Apparently, the algorithm can be better explained by David Schwartz:
XRP for Developers
The XRP Ledger is open-source and its API can be used by developers for a variety of purposes. Ripple provides a wide set of instruments necessary for running the technology independently and incorporating the system into third-party platforms.
As for technology’s use cases, Ripple says it is mainly integrated by exchanges to allow deposits in XRPs. Developers and companies based on the Ledger can install a rippled Validator and thus support the network’s decentralization. Also, users are encouraged to enhance the functionality of rippled Validator, a P2P server that operates the XRP Ledger, by contributing code or reporting a bug detected on the platform.
To fuel the use of its currency, the firm has launched an initiative named Xpring – the project which aims to attract and urge businesses to implement on the Ripple’s Ledger by providing them with investment support.
What are XRP Benefits?
These are the key features which allow XRP to be rightfully ranked among top ones.
- Transaction speed
- Increased payment certainty
- Low payment costs
Existing payment systems are often outdated, what makes it difficult and costly for users to transact with new partners. RippleNet, in turn, offers a single point of access into a global network of institutions via standard rules, formats, and governance.
While Bitcoin can settle just seven transactions a second, XRP can consistently handle 1,500 transactions per second, aiming to scale to the point where it would be able to compete with Visa.
Using a messenger API, the network ensures payment certainty allowing institutions exchange data like KYC requirements, FX rates, the delivery time of funds, and other payment details. In addition to the standardized connectivity, data APIs, the platform provides on-demand access to liquidity, thus reducing payment costs.
Unlike most startups in the blockchain sphere, Ripple was established as an official company targeted at banks. So, it is not a subject to multiple checks by regulatory bodies like other digital currencies. Since the platform is not targeted at end users but aims to drive the network’s adoption among large banking institutions, high scalability and ability to process high volumes of transactions are its core features.
As we mentioned above, Ripple uses a unique Proof of Burn (PoB) mechanism, in which XRPs used for transaction commission are destroyed and thus coins’ total amount reduces every day. This implies that the current cost of the XRPs will keep growing within time. The minimum value of a standard transaction is 0.00001 XRP, or 10 drops. The commission can escalate when the load is getting higher.
How to Buy XRP?
The cryptocurrency can be acquired on many of the world’s popular crypto exchanges. Some platforms, like Bitstamp, allow buyers to exchange USD or EUR for XRP, while most of them require users to exchange it from a different virtual currency. One of such, one of the world’s leading cryptocurrency exchanges – Chinese exchange Binance. Being one of the largest in the field, Binance boasts its own cryptocurrency named Binance Coin (BNB), which can be used for paying trading fees.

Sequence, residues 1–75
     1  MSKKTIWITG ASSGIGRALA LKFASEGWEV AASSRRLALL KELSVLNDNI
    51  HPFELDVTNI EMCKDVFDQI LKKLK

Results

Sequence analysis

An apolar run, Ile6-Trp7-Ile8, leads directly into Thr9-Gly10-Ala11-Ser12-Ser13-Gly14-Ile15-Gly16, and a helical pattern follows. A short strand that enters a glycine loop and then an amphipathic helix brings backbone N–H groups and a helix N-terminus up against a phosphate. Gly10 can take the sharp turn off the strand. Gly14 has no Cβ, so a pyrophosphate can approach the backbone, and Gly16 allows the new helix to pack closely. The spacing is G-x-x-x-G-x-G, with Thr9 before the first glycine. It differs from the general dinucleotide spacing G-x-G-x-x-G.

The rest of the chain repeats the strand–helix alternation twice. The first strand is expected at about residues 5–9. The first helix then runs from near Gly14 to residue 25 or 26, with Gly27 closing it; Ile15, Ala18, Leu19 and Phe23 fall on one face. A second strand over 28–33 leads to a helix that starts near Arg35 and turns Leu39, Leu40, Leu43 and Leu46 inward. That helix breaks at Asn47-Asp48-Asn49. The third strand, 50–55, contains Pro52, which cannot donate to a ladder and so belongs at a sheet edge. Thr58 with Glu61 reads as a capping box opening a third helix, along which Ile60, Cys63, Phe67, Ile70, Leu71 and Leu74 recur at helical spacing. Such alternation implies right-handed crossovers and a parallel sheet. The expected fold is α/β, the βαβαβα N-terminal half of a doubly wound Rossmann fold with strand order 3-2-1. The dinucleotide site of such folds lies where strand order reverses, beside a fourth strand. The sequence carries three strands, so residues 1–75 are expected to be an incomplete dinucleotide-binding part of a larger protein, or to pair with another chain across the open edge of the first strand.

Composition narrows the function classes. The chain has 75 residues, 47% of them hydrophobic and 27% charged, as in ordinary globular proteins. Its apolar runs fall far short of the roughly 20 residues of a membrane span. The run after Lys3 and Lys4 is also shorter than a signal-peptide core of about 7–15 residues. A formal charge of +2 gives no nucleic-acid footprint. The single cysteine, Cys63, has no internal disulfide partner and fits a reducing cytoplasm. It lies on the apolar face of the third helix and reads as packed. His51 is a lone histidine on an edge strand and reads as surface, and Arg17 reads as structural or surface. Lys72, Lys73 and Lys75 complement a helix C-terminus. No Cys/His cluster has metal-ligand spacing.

To make an investment, you’ll have to register a new account on the platform you’ve selected, add XRP wallet where you’ll transfer your coins, make a deposit using fiat or electronic currency, and finally choose the amount of XRP coins you wish to get.
Where to Keep XRP?
There are three basic ways to keep your XRPs:
- Exchange. Probably the simplest way is to leave XRP on the platform (exchange) where you bought it. The option, however, is not perfect given that any exchange is prone to the risk of a hacker attack.
- Software wallet (web app). You can also register an XRP wallet and keep your money in it. Good examples of such are Exarpy and Toast Wallet. The first is non-hosted and accessible from any web browser, while the second is additionally open-source and free (something everyone is loving).
- Hardware wallet. Meanwhile, the most secure option today is to hold the cryptocurrency on a hardware wallet that supports different types of coins. Today, Trezor and Ledger Nano S are the most popular due to their security, ease of use and portability. The only thing you should care about when using this device is not to lose it.
Is XRP a Good Investment?
Nobody can be 100% sure that XRP, just like any other currency, is a safe investment tool. However, it has some benefits that make it a promising asset. The overall supply (100 billion tokens) has already been released, that means that there is no place for inflation.
While about 40% are in circulation, the remaining coins are kept by Ripple. To prevent a negative influence on the value, the platform will not issue the whole coin supply but will release them gradually each month.